We objected to the application in July 2005 and maintained the objection in May 2007 on the grounds of impacts on golden eagle. The application first went before Argyll and Bute planning committee in September 2007. The planning officer's report recommended refusal due to adverse ornithological and landscape impacts but councillors were minded to go against this recommendation and approve the application. However, due to legal issues, the decision was deferred.
Despite our objection and an objection from SNH, Argyll and Bute Council approved the application at second committee in December 2007 against the planning officer's recommendation for refusal. The application was notified to Scottish Ministers due to the outstanding objection from SNH (as a statutory consultee). Scottish Ministers were successfully lobbied to call in the application for their own determination. Ministers called a public local inquiry, which sat in November 2008. In the interests of simplifying the inquiry process, we did not appear at the inquiry but provided support for SNH's case.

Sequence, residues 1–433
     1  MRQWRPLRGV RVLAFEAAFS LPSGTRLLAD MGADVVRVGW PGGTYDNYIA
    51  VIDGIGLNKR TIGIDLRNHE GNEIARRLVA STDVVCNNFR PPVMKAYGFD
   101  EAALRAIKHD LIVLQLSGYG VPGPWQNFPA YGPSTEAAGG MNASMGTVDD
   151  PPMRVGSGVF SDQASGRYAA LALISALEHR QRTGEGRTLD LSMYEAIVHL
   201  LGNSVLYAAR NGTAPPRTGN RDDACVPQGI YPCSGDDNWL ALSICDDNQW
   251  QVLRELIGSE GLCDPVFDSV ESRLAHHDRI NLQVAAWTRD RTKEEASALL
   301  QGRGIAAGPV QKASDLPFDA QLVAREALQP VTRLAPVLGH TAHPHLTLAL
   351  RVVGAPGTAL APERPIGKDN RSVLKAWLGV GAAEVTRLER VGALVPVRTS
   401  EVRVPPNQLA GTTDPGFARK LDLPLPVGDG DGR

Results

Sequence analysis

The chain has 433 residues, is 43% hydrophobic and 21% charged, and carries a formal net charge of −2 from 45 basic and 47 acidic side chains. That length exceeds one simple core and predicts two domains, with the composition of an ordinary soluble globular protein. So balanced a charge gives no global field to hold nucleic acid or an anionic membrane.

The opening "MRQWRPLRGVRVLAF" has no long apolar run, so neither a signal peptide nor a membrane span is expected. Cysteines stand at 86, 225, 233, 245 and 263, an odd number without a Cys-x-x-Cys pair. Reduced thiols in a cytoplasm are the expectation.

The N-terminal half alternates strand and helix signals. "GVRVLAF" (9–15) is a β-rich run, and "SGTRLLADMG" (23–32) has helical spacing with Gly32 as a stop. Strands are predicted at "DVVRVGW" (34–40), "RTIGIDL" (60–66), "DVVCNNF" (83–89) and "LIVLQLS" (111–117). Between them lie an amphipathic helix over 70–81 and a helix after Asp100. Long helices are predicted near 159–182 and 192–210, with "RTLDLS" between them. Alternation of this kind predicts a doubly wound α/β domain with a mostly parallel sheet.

In October 2009, Scottish Ministers refused the application due to unacceptable effects on golden eagle in accordance with the reporter's recommendations following the Public Local Inquiry. The reporter concluded that the likely SPA designation and the subsequent requirement to abide by the Habitats Regulations were important material considerations and that an adverse impact on the potential golden eagle site could not be ruled out.
In April 2010, the Court of Session overturned Scottish Ministers' refusal of planning permission, on a technicality. In the meantime, Glen Etive & Glen Fyne had been formally proposed as an SPA for golden eagle. A second set of public inquiry hearings took place in November 2010.
In July 2011, in accordance with the Public Local Inquiry Reporter's recommendations, Scottish Minsters once again refused the application due to unacceptable impacts on golden eagles (this time unequivocally as part of the qualifying interest of an SPA).
In August 2011, the developer appealed Scottish Ministers' second refusal of the scheme, on the grounds that the inquiry reporter had applied the Habitats Regulations tests incorrectly. The appeal was heard in the autumn of 2012, and in December 2012 the Court of Session upheld the findings of the second public inquiry, confirming that Scottish Ministers were correct to refuse the scheme. We hope the developers will now give up on this inappropriate proposal and concentrate on delivering much-needed renewables in less sensitive locations.